Thursday, April 30, 2009

Liferay - SOA in Three Steps

The Liferay portal comes packaged with a powerful tool known as ServiceBuilder to helps developers quickly implement a Service-Oriented Architecture (SOA). Most technologies needed for SOA (Web Services, Spring, Hibernate, etc.) require a tremendous amount of files to be written and configured. For any developer, this can quickly become tedious and nurture an environment of copy-and-paste purgatory.

Liferay's ServiceBuilder automates most of this so that you, the developer, can focus your energy on your project's business logic. It only takes three steps to implement a powerful SOA in Liferay.

1. Define a Data Model

All you need to do is write an XML file called service.xml, based on a DTD provided by Liferay. The file should specify all necessary fields, keys and finder methods. Run ServiceBuilder using Ant, and you are done!

Over a dozen files were generated for you for each table you specified. This includes the following types of files:

  • Spring configuration files and Stubbed Remote/Local service classes
  • SOAP and Tunnel classes; WSDL files and Javascript Web Services methods
  • Data Model classes
  • Hibernate classes and configuration files
  • SQL create and index scripts

2. Declare Business Methods

Empty Remote and Local service classes have been stubbed out for your by ServiceBuilder. All you have to do is declare the methods you want and run the ServiceBuilder task in Ant again, and you are done!

Any business methods declared in the Remote service classes will be propagated into the SOAP and Tunnel classes, WSDL files and added into the list of Javascript Web Services methods. Like the definition of the data model, any subsequent changes should be followed by a run of the ServiceBuilder and the methods will be appropriately propagated.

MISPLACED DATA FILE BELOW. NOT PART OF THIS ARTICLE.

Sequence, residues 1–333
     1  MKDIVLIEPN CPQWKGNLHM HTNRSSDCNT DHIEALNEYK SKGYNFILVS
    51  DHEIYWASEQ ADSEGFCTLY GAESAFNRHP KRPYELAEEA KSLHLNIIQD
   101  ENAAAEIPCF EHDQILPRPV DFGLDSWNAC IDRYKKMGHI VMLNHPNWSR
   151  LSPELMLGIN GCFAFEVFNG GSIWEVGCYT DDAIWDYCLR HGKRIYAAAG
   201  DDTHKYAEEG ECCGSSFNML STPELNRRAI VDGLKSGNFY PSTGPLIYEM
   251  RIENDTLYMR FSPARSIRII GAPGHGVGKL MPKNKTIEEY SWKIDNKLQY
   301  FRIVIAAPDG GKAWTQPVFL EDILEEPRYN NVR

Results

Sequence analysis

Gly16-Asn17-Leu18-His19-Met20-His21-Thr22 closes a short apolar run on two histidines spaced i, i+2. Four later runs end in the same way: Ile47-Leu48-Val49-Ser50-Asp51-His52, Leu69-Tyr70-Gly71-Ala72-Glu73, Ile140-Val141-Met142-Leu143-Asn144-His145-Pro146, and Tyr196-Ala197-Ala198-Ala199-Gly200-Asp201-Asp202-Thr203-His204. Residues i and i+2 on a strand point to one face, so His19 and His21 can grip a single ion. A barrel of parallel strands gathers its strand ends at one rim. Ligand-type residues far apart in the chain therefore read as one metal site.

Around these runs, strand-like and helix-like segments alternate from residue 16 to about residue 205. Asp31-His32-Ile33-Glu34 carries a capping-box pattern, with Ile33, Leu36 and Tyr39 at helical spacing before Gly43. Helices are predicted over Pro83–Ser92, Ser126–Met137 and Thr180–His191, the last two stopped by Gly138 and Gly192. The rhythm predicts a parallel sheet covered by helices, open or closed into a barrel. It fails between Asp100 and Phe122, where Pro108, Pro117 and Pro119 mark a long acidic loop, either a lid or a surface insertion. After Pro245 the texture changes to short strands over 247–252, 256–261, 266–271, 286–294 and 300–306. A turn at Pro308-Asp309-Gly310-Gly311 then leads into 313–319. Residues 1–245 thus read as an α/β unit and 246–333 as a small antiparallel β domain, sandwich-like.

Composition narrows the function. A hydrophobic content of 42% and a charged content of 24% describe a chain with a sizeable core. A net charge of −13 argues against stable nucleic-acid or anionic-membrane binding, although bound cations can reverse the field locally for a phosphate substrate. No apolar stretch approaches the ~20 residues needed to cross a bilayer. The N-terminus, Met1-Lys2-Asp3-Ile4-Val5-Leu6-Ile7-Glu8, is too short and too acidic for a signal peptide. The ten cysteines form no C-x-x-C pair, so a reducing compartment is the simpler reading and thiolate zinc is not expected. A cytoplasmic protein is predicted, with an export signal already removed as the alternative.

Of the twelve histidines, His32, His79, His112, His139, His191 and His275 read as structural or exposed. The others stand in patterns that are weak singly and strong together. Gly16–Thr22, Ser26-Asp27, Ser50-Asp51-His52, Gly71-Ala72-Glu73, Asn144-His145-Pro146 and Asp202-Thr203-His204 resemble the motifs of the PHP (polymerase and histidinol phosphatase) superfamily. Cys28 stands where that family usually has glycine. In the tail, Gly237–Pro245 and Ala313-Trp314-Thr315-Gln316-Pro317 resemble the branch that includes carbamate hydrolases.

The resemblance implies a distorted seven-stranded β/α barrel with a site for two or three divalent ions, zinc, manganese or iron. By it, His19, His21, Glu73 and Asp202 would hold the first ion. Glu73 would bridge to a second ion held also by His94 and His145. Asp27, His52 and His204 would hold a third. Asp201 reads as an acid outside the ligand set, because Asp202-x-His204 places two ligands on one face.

3. Implement Business Logic

Like any other J2EE application, the Remote implementation class should do any security and permission checks that you may need; the Local implementation class should contain the business logic that you allow trusted sources to invoke. After you are done, compile your code and you now have a SOA!

Liferay's ServiceBuilder has created all the necessary files you need for a Service-Oriented Architecture. Rather than hours and hours of tedious copy and pasting, the ServiceBuilder automates all of this in a matter of seconds. You can now spend all that time saved on the place where your expertise should be focused: on the business logic.

1 comment:

  1. If you want publish service classes (SOA), then go for "Remote implementation class"

    example :
    &lt entity name="BookmarksEntry" local-service="true" remote-service="true" &gt

    remote-service="true" generates necessary WSDL files